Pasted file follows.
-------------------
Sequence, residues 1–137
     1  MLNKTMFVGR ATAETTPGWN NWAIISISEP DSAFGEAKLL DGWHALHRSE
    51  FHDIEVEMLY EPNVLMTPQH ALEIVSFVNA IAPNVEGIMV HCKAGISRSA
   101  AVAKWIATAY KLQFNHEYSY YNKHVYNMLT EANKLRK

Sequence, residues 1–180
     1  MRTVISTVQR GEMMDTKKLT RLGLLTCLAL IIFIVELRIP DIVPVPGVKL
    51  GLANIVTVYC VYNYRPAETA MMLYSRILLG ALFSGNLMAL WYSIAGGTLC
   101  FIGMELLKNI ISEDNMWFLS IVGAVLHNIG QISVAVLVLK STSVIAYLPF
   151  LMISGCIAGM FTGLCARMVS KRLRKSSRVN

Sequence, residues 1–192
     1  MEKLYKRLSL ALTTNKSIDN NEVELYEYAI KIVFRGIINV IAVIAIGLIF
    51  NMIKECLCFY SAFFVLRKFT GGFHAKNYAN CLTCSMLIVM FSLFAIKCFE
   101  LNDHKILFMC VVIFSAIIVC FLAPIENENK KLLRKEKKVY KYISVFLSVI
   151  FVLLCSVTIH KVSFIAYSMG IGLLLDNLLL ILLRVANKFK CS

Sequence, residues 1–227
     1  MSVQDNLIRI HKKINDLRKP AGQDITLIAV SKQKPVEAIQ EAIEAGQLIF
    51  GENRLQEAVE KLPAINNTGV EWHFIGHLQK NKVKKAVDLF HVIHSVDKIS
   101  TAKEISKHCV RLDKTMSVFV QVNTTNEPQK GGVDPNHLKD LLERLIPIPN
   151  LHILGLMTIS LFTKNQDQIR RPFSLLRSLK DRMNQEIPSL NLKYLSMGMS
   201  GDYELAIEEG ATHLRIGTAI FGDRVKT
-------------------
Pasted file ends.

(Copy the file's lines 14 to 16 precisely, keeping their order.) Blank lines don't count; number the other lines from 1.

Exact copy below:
   151  FVLLCSVTIH KVSFIAYSMG IGLLLDNLLL ILLRVANKFK CS

Sequence, residues 1–227
     1  MSVQDNLIRI HKKINDLRKP AGQDITLIAV SKQKPVEAIQ EAIEAGQLIF